• Even supposing that candidates can make credible promises and that they care deeply about what policies are implemented, they will still have incentive to converge on the median. If the position of L and R are equidistant from the median, then they have a 50/50 chance of winning. But, L could move just a tiny shade inwards at little cost to her and win the election outright. But R has now lost the election, and L’s policies are very costly for him. He could avoid this outcome if he too moved just a shade toward the centre. And so on, until the median is reached.
  • We do indeed observe that leaders try to tone down their extremist policies in order to win elections.
  • Convergence is not always complete. Politicians may fear alienating their base supporters and being punish in the polls, or they fear a new entrant.

 Spatial Legislatures

  • As above it is the position of the median legislator that is important for policy decisions. If changes to the status quo can be offered and voted upon repeatedly, policy will converge upon his ideal point.

Things change if there is committee system in place. There are three possible decision making regimes:

  1. Pure majority rule – there is a status quo and any legislator can offer a motion to change it
  2. Closed-rule committee system – committee decides whether to propose a motion to change status quo and the legislature can either accept or reject the proposal but they cannot amend it.
  3. Open-rule committee system – committee decides whether to offer motion and the legislature can amend the proposal.

Pure majority rule: policy converges on the median policy and it will not move from there. This is the case no matter what the status quo is. All we need to know is the SQ and ML point.

Closed rule committee system: the MC (median committee member) point is also relevant. The set of points around the median legislator bounded by the SQ and its reflection on the opposite side of the median legislator is the opportunity set for the committee. They can propose policies within this set and get a yes vote. If outside this set they get a no vote, and hence will not propose any motion. There are three cases:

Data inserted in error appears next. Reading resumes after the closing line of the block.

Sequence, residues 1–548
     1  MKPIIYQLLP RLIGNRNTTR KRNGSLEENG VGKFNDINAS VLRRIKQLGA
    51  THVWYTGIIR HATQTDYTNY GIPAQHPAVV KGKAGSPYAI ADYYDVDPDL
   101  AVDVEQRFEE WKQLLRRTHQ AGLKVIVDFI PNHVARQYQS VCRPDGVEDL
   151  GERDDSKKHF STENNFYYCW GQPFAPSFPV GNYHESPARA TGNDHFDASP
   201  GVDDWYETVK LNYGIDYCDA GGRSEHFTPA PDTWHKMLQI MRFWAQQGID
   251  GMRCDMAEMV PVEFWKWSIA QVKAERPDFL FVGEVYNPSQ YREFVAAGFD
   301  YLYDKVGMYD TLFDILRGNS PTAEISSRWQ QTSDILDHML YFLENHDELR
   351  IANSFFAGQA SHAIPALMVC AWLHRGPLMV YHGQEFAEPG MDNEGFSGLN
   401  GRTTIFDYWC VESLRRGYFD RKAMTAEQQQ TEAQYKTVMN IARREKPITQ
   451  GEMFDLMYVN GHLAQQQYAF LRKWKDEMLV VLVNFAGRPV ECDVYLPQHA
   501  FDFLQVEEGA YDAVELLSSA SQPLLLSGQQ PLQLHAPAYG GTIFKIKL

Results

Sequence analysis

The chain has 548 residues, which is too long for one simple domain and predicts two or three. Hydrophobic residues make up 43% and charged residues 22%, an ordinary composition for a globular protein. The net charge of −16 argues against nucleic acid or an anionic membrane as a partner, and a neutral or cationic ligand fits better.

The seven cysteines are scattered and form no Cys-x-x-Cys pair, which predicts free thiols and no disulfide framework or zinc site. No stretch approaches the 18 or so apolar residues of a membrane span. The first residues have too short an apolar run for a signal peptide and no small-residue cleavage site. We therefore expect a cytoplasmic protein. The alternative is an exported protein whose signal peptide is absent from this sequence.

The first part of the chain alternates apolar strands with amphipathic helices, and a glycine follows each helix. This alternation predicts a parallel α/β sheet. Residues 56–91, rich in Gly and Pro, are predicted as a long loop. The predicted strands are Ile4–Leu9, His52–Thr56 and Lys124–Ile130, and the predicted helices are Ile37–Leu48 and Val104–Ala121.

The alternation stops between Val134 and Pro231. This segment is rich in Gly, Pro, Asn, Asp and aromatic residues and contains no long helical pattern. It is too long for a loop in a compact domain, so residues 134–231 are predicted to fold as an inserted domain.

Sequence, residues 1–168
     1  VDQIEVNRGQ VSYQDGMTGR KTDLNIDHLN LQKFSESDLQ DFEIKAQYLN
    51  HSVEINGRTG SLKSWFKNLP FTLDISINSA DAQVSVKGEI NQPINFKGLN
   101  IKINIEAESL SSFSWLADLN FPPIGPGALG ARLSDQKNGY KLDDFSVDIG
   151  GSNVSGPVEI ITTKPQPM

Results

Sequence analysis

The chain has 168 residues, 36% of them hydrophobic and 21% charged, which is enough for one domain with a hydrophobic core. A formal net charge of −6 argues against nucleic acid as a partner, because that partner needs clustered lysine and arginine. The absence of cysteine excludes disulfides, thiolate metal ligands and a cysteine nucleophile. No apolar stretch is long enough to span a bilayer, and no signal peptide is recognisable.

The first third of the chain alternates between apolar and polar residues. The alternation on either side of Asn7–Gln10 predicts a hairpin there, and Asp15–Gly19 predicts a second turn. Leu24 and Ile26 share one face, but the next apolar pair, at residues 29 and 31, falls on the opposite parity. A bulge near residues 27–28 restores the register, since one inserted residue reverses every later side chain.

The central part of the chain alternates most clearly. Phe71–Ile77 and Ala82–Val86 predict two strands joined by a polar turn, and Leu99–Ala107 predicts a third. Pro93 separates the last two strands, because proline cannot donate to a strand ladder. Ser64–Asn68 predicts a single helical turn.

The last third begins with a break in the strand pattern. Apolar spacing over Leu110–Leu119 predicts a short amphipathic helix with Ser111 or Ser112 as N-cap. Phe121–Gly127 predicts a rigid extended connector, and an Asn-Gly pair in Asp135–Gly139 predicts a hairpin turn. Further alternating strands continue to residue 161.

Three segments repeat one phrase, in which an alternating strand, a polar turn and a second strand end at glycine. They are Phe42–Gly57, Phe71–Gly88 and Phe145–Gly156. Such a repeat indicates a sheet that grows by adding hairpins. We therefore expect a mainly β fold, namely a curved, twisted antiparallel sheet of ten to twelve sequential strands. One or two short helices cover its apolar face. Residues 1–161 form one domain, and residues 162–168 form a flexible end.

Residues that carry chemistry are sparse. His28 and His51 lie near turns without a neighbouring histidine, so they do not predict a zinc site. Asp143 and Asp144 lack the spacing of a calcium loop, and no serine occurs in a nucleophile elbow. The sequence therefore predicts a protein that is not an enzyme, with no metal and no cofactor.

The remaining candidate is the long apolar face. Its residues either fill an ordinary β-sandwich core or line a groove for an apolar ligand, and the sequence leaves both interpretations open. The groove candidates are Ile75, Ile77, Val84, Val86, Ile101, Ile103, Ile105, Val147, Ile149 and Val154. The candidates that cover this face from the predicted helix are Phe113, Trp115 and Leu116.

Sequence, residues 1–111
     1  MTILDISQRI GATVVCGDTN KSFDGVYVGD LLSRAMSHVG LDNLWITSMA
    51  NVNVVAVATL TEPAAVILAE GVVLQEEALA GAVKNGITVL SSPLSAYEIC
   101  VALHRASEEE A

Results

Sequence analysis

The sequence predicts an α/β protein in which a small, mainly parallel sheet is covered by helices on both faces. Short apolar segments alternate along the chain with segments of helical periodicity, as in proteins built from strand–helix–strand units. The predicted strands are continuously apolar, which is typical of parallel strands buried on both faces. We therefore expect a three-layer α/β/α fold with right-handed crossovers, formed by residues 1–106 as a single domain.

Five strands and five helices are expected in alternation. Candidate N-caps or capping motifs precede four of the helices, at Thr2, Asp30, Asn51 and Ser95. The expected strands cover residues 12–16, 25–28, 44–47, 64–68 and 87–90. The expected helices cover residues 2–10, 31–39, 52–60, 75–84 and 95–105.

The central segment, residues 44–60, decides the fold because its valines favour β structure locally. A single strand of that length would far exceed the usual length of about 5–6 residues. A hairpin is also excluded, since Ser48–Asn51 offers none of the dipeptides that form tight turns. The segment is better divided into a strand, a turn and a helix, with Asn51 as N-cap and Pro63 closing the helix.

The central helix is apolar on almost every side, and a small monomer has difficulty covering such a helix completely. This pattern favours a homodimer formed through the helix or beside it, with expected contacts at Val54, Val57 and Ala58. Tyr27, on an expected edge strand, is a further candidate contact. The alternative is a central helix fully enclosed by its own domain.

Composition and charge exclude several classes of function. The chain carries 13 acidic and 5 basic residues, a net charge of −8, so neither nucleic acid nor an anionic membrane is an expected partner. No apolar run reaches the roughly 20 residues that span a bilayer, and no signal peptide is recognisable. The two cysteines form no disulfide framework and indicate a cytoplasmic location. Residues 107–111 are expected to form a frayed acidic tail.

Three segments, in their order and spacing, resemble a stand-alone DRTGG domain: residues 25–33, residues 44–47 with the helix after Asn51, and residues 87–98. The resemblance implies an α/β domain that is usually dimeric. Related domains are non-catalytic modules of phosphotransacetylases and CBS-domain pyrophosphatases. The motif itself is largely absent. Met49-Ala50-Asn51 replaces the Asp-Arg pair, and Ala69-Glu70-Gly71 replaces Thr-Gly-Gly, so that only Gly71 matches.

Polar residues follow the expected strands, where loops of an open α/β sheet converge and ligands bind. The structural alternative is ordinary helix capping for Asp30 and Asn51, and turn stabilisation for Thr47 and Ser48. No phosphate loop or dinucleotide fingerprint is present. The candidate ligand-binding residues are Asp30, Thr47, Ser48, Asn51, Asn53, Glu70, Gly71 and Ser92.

1. SQ<ML<MC: In this case x* is the right bound of the preferred to SQ set of the median legislator. If MC<x* then the committee proposes its preferred point and gets a yes vote as its ideal point is within the set that will be approved by legislative majority. If MC>x* then the best the committee can do is to propose x* which will move the policy closer to its ideal point. It cannot propose anything closer to its ideal point and get a yes vote in the legislature.
  2. SQ<MC<ML: In this case the ideal committee point is within the preferred to SQ set of the legislature, so the committee can propose its preferred point and get a yes vote in the legislature.
  3. ML<SQ<MC: The committee and the house want to move in opposite directions. Thus the committee keeps the gates closed as it would be impossible to get a yes vote for any policy closer to its ideal point.
  • The upshot of this is that agenda power can prevent centripetal forces applying as outcomes are tugged in the direction of the agenda setting group.

Open Rule committee system: When the gates remain closed, the SQ prevails. If the gates are opened the ML point is reached by amendments from the house. Nothing else is possible. Thus if the MC prefers ML to SQ then it will make a motion, if not it will keep the gates closed.

  • If policy space is multidimensional and the ideal points are not distributed symmetrically around the median then the Chaos Theorem holds. However, if an agenda setter has the power to sequence the decisions, the outcome is the multidimensional median. The median ideal point on each dimension prevails.